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MRD Assessment: Refining Complete Remission in Elderly Patients With AML

By: Jenna Carter, PhD
Posted: Tuesday, April 20, 2021

Although many elderly patients with acute myeloid leukemia (AML) achieve complete remission, they may still have poor outcomes. The level of measurable residual disease (MRD) is inconsistent across different treatments. An article published in Blood Advances reported findings from a clinical trial that examined the role of MRD in refining complete remission and treatment duration for elderly patients with AML. Miguel Ángel Sanz, MD, of the University Hospital La Fe, Valencia, Spain, and colleagues found that MRD was the only independent prognostic factor for relapse-free survival. They also found that achieving undetectable MRD significantly improved relapse-free survival for patients with adverse cytogenetics.

A total of 283 patients older than 65 with newly diagnosed AML were enrolled in this clinical trial. Patients were randomly assigned 1:1 to receive azacitidine or low-cytarabine plus fludarabine. The induction phase consisted of three trials, and the consolidation phase consisted of six trials. At the end of the ninth trial, bone marrow aspirates were collected for assessment of MRD. Those with levels of at least 0.01% continued treatment until relapse or progressive disease, whereas patients with levels less than 0.01% suspended treatment and proceeded to follow-up.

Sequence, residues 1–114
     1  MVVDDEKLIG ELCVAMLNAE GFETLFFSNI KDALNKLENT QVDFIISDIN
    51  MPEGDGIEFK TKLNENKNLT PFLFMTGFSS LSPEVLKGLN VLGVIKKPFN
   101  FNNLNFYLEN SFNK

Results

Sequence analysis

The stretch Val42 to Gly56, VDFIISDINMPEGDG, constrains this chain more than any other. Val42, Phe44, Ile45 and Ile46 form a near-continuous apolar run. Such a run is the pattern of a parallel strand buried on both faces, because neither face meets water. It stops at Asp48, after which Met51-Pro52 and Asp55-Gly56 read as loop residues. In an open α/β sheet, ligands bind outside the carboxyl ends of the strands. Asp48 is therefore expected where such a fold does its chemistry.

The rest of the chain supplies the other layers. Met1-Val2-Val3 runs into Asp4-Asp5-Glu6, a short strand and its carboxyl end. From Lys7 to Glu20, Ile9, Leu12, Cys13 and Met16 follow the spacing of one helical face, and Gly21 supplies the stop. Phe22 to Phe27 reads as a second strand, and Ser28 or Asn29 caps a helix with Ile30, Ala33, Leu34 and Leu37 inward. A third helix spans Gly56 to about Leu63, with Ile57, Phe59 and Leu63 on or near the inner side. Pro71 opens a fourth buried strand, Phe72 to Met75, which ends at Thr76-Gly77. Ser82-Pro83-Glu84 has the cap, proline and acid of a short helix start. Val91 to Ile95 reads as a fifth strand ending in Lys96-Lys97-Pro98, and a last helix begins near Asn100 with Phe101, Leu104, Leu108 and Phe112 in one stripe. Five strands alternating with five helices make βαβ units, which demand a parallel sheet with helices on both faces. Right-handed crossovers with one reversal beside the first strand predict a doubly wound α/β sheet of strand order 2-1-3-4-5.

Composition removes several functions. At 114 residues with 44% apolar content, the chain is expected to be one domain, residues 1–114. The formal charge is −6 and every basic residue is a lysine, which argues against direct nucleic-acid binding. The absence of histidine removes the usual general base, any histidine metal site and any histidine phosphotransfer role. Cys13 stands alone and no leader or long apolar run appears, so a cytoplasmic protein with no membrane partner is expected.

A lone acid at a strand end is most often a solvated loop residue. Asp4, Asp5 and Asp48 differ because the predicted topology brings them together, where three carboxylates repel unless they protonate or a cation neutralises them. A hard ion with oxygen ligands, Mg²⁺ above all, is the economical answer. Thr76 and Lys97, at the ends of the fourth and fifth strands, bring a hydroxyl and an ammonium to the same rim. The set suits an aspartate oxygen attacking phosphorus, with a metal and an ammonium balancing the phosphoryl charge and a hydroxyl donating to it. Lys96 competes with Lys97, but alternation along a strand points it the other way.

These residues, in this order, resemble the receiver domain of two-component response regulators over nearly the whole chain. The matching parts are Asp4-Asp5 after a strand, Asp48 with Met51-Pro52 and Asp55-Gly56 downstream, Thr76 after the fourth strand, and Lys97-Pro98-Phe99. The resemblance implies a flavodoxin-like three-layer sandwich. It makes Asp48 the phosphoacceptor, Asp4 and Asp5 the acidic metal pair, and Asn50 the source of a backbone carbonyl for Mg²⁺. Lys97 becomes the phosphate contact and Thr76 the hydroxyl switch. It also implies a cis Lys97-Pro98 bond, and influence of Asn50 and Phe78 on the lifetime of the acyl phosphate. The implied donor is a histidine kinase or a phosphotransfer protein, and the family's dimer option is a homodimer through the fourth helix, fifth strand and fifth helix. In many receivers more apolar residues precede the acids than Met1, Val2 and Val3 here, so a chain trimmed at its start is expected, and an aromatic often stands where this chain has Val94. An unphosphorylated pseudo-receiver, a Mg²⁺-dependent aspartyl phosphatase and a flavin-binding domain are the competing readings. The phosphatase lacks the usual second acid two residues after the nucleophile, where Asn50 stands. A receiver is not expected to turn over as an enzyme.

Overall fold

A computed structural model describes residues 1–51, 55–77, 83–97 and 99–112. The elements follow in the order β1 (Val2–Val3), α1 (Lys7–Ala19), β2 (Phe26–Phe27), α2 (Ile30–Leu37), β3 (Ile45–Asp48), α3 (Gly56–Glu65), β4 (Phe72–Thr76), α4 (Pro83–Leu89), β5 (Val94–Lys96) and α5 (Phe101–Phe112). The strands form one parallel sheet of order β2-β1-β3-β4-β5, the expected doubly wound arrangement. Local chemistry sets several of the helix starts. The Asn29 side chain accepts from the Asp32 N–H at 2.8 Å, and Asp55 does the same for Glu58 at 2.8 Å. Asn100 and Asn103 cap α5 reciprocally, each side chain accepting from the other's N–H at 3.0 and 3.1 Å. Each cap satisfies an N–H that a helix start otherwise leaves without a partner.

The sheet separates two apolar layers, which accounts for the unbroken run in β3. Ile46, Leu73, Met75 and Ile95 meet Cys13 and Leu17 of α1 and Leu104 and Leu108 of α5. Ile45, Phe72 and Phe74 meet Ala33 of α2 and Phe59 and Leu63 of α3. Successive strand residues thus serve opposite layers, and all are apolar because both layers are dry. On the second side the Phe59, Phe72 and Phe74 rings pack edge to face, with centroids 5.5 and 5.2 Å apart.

Findings revealed that MRD status in 72 patients achieving complete remission was the only independent prognostic factor for relapse-free survival (hazard ratio = 3.45; P = .002). They also found that achieving undetectable MRD levels significantly improved relapse-free-survival for patients with adverse cytogenetics (hazard ratio = 0.32; P = .013). However, longer overall survival was observed in patients with undetectable MRD levels, after induction and not after consolidation. Findings also revealed aberrant phenotypes in leukemic cells and other genetic abnormalities in otherwise phenotypically normal CD34+ progenitor cells.

Dr. Sanz and colleagues concluded that the combined use of this method with next-generation sequencing is necessary to identify elderly patients with AML who may experience long-term survival and benefit from individualized treatments.

Disclosure: For full disclosure of the study authors, visit ashpublications.org.


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